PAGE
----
Don’t attach any importance to any thing or any individual. Because when they are gone, as is sure to happen some day, you will be miserable.
Yesterday, we attended a Cinema Rendezvous screening of the documentary ‘A Life in Metaphors’ made on noted film-maker Girish Kasaravalli. After the film was over, people were in conversation with Girish. He talked about how it is important for a film-maker to express through images how a character is feeling. And he said the feeling of being alienated by one’s own family or community or society was the most painful one to endure; it is intensely personal and, therefore, very difficult to portray on screen. Someone then asked Girish if not being appreciated on social media or not appearing in Page 3 coverage in papers was a sign or way of being alienated in our times and in urban society? Very deftly, Girish avoided answering the question. And spoke only about the feeling of alienation his protagonists’ have felt and depicted in his films. I think Girish made a significant point by not answering the question directly. Which is this: looking for social media acceptance or approval and recognition among the Page 3 community is a sign of shallowness, of lack of evolution and maturity.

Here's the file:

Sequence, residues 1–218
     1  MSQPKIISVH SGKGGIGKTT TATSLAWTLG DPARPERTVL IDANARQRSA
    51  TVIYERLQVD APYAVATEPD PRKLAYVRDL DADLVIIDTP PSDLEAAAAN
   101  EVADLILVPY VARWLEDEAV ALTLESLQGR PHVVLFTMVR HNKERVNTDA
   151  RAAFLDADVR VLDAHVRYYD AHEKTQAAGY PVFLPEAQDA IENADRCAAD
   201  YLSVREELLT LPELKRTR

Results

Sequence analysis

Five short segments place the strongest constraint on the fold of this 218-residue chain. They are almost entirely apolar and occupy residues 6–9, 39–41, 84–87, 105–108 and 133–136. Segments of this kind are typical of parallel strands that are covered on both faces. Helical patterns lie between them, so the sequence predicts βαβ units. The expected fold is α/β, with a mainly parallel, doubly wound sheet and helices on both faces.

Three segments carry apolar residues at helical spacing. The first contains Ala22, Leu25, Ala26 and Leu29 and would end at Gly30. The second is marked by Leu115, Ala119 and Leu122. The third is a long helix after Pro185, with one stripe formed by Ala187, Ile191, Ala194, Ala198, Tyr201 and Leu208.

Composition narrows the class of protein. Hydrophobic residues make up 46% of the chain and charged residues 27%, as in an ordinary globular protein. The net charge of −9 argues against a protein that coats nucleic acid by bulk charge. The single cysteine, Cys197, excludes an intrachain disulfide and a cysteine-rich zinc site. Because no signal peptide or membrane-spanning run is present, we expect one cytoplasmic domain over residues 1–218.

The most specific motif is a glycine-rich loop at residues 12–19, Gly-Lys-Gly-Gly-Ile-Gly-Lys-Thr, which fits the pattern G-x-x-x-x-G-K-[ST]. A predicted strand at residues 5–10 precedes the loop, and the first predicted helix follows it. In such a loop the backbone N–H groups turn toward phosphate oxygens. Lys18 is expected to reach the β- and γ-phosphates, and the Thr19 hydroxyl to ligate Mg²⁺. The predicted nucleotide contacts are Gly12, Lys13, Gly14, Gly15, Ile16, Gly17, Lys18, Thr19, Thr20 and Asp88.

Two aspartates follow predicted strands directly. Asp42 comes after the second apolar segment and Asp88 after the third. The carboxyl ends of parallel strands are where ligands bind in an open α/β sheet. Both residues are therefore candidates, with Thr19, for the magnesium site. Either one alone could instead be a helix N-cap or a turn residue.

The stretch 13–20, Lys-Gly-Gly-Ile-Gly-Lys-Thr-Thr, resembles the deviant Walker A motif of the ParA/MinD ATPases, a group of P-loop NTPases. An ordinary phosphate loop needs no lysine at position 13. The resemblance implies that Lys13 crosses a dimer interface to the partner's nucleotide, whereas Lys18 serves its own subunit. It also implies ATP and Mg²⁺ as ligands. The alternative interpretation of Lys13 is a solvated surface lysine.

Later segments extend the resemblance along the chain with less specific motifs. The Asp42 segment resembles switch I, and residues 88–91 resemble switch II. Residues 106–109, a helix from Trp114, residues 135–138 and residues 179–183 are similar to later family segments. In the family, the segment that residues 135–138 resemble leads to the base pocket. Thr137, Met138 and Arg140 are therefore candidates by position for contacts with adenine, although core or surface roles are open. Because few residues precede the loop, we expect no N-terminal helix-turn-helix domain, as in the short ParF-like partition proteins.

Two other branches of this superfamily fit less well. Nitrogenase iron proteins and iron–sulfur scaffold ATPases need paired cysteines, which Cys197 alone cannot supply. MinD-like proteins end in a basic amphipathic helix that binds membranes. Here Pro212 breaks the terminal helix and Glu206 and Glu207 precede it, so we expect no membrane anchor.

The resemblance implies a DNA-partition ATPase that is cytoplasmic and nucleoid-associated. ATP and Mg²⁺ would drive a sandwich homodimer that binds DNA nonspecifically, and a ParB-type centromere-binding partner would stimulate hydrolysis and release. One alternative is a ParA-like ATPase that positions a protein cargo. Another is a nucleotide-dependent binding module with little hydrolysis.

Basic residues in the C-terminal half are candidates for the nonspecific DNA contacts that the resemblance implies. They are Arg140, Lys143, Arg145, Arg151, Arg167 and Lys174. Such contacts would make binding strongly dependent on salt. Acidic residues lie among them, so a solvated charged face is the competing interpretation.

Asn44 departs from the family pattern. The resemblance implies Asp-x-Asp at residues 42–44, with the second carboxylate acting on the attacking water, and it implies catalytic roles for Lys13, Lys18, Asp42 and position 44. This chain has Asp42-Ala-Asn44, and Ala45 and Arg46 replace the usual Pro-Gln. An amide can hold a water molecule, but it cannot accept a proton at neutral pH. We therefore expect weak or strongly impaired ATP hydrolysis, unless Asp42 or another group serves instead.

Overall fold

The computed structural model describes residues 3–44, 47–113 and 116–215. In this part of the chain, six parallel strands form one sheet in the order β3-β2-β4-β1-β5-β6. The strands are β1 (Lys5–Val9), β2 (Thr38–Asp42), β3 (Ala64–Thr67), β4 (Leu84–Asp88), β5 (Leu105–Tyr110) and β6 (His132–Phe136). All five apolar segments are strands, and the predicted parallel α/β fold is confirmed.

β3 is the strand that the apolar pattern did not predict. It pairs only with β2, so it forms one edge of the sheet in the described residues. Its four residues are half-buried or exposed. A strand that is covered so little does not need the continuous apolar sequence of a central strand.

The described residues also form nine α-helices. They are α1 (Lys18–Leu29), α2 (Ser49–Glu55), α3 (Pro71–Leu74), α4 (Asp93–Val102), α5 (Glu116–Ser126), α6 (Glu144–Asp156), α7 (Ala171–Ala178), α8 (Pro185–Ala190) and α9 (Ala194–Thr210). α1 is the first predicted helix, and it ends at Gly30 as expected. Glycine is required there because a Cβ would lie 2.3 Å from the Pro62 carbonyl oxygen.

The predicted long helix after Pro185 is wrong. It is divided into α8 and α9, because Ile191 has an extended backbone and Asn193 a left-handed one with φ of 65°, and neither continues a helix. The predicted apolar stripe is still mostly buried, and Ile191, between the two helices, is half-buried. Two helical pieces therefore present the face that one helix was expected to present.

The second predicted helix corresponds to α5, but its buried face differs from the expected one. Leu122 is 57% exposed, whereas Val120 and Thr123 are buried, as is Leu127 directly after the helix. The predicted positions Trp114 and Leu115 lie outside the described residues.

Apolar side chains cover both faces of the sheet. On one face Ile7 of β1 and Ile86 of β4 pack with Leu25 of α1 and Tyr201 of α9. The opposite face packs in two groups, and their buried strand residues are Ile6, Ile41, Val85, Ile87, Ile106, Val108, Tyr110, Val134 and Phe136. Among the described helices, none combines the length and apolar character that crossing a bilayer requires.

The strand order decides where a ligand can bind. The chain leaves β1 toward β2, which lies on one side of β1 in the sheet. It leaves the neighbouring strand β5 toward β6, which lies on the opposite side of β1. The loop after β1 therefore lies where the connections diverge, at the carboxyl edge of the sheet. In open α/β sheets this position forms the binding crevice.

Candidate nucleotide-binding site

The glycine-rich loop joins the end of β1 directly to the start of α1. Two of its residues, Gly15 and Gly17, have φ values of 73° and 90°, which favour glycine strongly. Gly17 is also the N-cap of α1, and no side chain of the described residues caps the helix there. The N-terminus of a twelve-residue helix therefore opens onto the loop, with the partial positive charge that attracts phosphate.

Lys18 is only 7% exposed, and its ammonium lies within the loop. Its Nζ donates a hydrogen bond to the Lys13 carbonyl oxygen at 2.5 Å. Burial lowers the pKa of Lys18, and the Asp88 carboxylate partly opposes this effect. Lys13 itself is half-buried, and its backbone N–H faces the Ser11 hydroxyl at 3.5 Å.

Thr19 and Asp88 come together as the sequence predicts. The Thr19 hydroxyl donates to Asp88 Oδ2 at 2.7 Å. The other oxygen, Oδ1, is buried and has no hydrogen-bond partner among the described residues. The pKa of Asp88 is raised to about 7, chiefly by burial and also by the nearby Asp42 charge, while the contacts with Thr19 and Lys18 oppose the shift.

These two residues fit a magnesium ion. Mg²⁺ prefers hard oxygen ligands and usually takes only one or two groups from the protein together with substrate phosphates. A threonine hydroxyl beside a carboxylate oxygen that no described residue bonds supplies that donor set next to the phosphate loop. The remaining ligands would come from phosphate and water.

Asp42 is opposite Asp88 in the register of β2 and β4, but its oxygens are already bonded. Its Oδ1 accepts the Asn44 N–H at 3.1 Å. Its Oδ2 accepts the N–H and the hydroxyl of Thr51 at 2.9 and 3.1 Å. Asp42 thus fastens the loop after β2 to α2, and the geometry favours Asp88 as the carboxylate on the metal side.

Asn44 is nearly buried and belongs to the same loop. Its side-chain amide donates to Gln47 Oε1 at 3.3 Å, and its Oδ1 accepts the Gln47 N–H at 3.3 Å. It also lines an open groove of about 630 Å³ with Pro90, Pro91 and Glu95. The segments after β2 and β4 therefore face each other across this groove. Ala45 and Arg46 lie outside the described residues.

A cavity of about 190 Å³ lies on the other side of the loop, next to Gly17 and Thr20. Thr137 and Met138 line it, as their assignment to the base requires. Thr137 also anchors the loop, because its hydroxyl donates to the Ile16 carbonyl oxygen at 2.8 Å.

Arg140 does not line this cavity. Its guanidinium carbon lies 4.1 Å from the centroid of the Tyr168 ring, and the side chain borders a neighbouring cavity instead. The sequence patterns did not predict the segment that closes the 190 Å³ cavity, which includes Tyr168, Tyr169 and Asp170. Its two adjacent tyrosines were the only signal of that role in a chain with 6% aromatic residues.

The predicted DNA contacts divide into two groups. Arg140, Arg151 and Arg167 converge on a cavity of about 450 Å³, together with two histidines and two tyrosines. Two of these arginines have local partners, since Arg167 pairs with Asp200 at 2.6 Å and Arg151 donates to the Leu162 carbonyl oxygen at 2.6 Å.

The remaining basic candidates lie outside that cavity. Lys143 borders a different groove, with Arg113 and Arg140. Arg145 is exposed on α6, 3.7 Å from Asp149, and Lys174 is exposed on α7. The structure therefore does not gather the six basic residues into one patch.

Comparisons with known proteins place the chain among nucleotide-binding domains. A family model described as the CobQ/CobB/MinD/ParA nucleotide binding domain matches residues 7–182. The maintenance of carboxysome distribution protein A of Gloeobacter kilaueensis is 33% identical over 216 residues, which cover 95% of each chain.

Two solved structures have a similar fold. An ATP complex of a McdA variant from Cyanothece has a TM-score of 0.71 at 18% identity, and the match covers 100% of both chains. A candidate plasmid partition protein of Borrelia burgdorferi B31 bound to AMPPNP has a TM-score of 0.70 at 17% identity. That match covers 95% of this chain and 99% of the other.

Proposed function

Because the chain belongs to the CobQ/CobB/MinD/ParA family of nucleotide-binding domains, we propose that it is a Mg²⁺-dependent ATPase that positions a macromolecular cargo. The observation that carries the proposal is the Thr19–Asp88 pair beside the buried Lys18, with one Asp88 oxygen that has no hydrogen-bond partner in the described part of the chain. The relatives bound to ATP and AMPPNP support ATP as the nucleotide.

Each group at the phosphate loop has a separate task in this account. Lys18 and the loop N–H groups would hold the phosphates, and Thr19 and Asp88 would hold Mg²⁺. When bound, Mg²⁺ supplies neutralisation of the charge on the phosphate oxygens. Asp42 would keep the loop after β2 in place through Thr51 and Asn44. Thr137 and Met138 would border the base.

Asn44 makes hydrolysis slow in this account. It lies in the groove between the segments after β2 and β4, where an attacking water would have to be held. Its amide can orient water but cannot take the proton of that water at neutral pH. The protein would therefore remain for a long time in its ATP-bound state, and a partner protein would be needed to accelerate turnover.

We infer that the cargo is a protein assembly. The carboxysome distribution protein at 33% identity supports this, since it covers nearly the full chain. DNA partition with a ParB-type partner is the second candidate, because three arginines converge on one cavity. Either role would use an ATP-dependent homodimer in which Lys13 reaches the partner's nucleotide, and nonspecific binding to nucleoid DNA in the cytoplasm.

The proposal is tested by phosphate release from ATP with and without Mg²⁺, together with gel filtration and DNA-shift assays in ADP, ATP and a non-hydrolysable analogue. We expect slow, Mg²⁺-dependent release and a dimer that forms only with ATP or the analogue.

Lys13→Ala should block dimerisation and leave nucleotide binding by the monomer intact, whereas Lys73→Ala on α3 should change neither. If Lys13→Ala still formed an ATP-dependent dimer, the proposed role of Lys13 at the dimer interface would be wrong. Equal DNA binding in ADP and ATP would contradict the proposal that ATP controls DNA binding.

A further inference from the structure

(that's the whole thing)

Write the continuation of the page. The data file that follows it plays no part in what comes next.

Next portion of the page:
Alienation that happens to an individual by an act of abuse or social excommunication is never controllable by the individual. So, maturity demands that you remain detached and don’t attach importance to what others do to you. Now, in urban society where social media and Page 3 culture have become necessary platforms for expression and visibility, the same principle of detachment must be practiced. Just as it does not matter what caste or creed you are – and so being excommunicated by a society that is stooping below the humane shouldn’t matter – it doesn’t matter whether you are ‘liked’ on social media or whether you are included or excluded in the Page 3 circuit.
There are two points to bear in mind to keep Life simple – first, what others think of you is of no significance to what you can do; and second, everything, including you, will perish over time, so stay detached and never grieve over losing anything. Surely, you cannot control or avoid being alienated but you can always choose not to feel sad for being alienated.